Many things to like about Syfy's new Friday night series
Behind the Screens with Joshua Maloni
Zombies are all the rage.
They're everywhere - from "Zombieland" to "Resident Evil" to "The Walking Dead" to "World War Z."
We won't hold it against you, then, if your first thought in seeing promos for Syfy's "Helix" was, "Oh, another zombie show."
The show, in fact, is not another zombie show. Nor is it typical Syfy fare, for that matter. It's not a deliciously B-movie, like, say, "Mega Python vs. Gatoroid" or "Sharknado." It's not brooding like "Being Human," or whimsical like "Eureka."
It is, to the Syfy Network's credit, smart, somber, twisted and imaginative.
Set in a tight, dark Arctic lab, hundreds of miles off the grid, Dr. Alan Farragut (Billy Campbell) and his Centers For Disease Control special pathogens team investigate an outbreak unlike anything they've ever seen. Inside the base, they encounter Alan's brother, Peter, who is infected. At first, it appears Peter is dying, but, in reality, he appears to be spreading the disease.
"It's a very black and white situation," Campbell said. "We come, there's an outbreak, there's - and we have to contain it. And then things start getting confusing because we're being misdirected by, you know, Hatake (Hiroyuki Sanada), and there are all these sort of variables."
Alan, his lead assistant, Dr. Sarah Jordan (Jordan Hayes), and his ex-wife, Dr. Julia Walker (Kyra Zagorsky) - a CDC senior scientist who had a fling with Peter - quickly realize they are dealing with something they never imagined.
Something worse than zombies.
"We're really trying to not make it a zombie show," showrunner Steve Maeda explained. "I would say the main difference about our vectors, as we call them, is that they are not kind of mindless, sort of, eating machines. And that's something that you'll see in later episodes. They're very scary, and they're human, and they look horrible. But our team will discover (ways) into and around the virus. And also what we're going to find out about the vectors is that they're incredibly smart, and so they retain a lot of their intelligence, if not their humanity, which I think makes them very different from zombies."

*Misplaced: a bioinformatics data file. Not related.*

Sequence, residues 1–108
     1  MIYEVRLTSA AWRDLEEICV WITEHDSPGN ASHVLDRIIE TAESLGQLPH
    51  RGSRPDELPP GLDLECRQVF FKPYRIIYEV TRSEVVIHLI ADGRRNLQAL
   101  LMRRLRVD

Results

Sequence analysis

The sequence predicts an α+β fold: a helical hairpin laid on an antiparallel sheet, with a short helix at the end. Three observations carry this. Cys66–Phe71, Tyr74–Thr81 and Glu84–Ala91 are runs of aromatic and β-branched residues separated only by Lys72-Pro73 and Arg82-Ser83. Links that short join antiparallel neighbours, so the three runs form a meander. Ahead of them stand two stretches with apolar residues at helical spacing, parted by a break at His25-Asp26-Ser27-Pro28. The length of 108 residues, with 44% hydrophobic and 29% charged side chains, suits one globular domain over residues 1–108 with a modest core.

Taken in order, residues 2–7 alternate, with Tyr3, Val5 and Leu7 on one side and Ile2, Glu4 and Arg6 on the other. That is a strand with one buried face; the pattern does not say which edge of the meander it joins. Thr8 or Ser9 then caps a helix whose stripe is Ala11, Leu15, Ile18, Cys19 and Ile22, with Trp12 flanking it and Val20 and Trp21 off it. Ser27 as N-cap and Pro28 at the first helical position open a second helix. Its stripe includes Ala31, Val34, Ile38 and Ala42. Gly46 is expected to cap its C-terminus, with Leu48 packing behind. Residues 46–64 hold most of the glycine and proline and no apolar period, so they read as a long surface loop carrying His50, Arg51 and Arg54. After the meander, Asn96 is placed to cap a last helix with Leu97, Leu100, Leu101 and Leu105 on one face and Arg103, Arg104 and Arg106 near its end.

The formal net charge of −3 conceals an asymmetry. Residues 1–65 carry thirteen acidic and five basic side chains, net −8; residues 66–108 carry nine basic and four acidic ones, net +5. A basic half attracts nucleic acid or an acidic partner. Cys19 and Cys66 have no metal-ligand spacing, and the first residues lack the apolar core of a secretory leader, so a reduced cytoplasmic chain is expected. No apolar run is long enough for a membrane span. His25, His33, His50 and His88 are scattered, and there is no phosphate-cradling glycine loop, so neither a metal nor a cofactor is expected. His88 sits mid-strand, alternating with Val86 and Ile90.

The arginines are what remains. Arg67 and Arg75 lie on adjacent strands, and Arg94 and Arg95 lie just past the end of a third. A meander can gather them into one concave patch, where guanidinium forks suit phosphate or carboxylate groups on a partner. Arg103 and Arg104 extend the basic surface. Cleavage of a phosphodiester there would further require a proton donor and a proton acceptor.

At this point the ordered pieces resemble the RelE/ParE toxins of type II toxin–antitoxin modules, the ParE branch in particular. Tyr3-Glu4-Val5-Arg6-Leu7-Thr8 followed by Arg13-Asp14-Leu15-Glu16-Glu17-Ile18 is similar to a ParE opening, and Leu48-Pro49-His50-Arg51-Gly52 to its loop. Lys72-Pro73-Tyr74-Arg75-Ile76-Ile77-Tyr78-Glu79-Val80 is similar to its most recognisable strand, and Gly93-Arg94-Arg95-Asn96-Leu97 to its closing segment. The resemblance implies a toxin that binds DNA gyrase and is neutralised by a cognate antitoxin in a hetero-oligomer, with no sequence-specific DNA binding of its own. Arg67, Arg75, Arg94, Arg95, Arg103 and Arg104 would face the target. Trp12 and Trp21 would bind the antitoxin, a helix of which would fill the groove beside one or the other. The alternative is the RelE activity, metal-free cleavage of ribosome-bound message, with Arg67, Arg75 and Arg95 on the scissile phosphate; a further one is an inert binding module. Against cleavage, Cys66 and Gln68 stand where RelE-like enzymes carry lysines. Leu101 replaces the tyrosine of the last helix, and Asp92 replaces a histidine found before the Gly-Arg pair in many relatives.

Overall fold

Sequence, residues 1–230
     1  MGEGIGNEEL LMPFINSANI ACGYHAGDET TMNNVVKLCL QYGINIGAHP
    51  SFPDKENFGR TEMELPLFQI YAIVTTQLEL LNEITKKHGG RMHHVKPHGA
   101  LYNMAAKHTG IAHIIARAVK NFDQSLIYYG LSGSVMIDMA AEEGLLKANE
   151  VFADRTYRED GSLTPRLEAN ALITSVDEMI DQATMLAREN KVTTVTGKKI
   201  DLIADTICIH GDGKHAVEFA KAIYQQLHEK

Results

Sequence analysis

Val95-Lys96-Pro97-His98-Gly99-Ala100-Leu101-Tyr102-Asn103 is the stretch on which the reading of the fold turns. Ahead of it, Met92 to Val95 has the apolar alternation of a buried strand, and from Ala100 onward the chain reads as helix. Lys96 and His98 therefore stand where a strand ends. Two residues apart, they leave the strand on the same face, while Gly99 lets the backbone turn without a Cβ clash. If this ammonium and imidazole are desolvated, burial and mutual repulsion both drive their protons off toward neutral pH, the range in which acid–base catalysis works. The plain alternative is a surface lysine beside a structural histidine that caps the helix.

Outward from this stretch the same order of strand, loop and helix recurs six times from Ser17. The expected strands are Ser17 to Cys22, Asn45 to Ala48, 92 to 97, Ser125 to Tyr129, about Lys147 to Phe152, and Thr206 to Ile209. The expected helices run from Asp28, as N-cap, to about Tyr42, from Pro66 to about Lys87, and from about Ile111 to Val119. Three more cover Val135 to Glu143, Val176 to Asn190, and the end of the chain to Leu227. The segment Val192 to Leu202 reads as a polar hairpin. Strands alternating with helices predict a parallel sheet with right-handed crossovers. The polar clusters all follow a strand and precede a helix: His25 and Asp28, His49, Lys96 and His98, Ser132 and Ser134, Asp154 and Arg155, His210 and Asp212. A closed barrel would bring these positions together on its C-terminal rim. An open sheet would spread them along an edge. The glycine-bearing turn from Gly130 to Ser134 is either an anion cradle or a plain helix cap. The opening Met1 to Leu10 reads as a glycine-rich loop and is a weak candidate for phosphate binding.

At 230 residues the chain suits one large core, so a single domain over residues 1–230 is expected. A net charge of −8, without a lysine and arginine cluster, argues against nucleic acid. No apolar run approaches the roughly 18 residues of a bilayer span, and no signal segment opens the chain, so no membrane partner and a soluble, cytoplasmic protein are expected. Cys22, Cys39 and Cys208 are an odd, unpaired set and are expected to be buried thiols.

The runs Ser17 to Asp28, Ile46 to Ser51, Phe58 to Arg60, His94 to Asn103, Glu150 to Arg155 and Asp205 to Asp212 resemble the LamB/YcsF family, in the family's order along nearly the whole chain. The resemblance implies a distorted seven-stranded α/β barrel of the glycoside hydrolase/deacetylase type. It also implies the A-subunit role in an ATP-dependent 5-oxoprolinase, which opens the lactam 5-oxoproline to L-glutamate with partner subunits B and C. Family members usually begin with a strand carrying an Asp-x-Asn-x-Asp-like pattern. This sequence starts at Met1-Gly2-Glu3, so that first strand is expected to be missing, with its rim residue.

The vectors provide "Helix" with plenty of suspense, as they try and assimilate those inside the lab Borg-style.
And, yet, that's not the 13-episode series' scariest element.
"I think, also, since the show is based in real science, there're real life epidemic scares out there throughout history where there are these huge viruses that have wiped out huge populations, and so we're dealing with something that the CDC hasn't seen before, but it comes from a virus," Zagorsky said. "And so that's something that's based in reality. And then you put the science fiction on that, and it's a really interesting combination. I think that's another thing that makes it unique."
"I mean that's one of the greatest things about this show, is that it's dealing with something that is very real," Hayes said. "And throughout history we've seen, you know, huge epidemics wipe out hundreds of millions of people. And although now, thankfully, we have the invention of antibiotics and we can treat things much better, you know, it's still very real, and it's still very scary, and can possibly wipe out, you know, thousands of people.
"I think it goes to, like, sort of our most primal fears - you know, the thing which you cannot see that will come in the night and kill you from the inside out. And I can't imagine much of anything creepier than that," Campbell added.
Except, maybe, for elevator music cleverly woven into the first two episodes' most cringe-worthy moments. That small touch, coupled with what the actors described and the showrunner's vision, has made "Helix" the latest in a long line of great, Friday night must-see science fiction series.
"Helix" airs Fridays at 10 p.m. on Syfy.
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